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The Tao of Q is so simple, innocuous and apparently lo-tech that naysayers might presume that to sell it successfully would require a whiz-bang marketing campaign. Extol the virtues of silk, Ebony, conductor aging, low-mass connectors. Whip up some frenzied shameless capitalist propaganda with an aggressively subversive anti-establishment slant. However, none of this mentality is evident on Q's website. The design choices are left to speak for themselves. Any conclusions a listener will draw -- about what the individual parts contribute or don't contribute to the sound; whether and how other choices would or would not have affected the final sonics -- are left to our imagination and wild or educated guesses. The only thing Steve Eddy is prepared to say? That he's designed these cables for his own hedonistic pleasure. This hedonism embraces the many intangibles that make up the music-listening experience. That includes cosmetic and tactile responses as well as attunement to a particular aesthetic. Do the Ebony casings look attractive? You bet. Is that's why they're used? You bet. Is that the only reason they're used? Your call, not mine. Ditto for everything else about the Tao. I find this utter lack of pretentious white papers, wacky or earnest claims and ill-disguised machinations to establish a new credo or cable manufacturing empire refreshing in the extreme. Leave all of that crap parked outside the little Q shack. Inside's just one guy asking questions, trying out different things, inviting a few fellow travelers to share in his explorations. His arbiter is a simple consideration of solid finality. Do the results please him or not? That's it. Who needs smarmy explanations for that? 

The resultant rationale to offer the Tao as a commercial product is equally devoid of complications or grandiose ambitions. You either share Steve's enthusiasm for the overall gestalt of his approach or you don't. By avoiding technical claims altogether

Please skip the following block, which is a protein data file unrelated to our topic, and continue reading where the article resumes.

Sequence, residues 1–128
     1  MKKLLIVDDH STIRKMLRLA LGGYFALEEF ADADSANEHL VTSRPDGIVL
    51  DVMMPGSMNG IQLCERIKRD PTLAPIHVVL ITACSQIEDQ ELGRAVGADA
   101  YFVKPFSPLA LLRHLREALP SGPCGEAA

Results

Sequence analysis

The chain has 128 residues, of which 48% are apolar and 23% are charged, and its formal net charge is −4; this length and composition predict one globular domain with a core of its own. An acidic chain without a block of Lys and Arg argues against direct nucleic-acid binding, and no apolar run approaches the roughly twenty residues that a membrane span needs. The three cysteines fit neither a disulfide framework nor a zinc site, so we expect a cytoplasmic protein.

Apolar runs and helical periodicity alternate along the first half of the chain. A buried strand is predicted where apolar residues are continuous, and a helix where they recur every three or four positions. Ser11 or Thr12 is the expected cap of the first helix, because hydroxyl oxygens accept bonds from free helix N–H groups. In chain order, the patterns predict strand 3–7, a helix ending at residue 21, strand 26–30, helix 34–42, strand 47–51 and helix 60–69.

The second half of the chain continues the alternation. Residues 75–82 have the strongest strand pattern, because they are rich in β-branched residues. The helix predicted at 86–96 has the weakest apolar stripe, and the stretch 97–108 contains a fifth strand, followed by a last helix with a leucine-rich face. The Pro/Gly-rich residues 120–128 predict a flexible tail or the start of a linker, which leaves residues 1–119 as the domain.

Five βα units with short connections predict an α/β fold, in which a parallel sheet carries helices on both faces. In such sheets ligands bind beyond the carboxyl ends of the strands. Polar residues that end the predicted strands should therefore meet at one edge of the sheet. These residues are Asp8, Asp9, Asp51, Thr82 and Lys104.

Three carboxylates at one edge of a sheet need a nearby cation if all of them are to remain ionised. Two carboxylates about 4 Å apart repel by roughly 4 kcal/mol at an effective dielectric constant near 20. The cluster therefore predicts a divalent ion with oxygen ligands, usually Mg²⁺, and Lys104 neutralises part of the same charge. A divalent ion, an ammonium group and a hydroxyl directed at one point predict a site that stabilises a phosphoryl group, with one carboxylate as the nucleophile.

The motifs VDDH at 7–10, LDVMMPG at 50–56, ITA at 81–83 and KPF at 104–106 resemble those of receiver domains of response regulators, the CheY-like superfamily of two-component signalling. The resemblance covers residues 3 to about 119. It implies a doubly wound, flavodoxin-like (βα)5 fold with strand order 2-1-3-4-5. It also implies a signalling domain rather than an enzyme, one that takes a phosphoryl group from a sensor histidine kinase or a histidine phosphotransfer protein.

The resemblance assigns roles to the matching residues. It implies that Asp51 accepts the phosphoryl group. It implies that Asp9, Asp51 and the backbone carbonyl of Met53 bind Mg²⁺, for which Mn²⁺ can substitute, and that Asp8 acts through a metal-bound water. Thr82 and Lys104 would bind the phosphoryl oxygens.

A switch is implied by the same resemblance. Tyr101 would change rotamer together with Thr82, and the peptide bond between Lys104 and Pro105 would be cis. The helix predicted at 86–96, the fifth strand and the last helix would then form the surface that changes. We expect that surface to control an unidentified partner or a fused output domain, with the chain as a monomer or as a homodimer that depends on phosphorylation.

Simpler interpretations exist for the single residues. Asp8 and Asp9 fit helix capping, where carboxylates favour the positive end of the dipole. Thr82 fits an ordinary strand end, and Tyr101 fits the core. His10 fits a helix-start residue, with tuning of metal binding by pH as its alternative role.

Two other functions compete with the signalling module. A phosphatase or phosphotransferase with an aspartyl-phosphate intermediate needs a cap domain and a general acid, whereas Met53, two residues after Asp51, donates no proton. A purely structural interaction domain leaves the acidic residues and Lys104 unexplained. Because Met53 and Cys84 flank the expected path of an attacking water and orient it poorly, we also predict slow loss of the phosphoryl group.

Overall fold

-- Eddy will be the first to admit that the dielectric constant of filament silk is not as good as that of Teflon -- the designer pulls out the rug from underneath those who would argue rather than listen; who would require science (or pseudo science) to reaffirm (or substitute for) trust and conviction in their own emotional responses to the results. You could say then that this is a product for the mature listener. It's for those who believe in the authority of their own ears. It's for those who are secure enough to consider a 'biodynamic' cable just because. It's for those who would be attracted to the concept even if the sonic were identical to some complex hi-tech contraption filled with foamed amorphousTeflon and complex and advanced geometries. It's for those open to the idea that their sympathy for the concept becomes part of the overall experience.

After all, some chain-smoking, beef-eating, liquor-drinking, cholesterol-celebrating rapscallions well outlive their self-righteous organic and macrobiotic brethren. It's okay to embrace the organic lifestyle as a matter of aesthetics only. Conclusive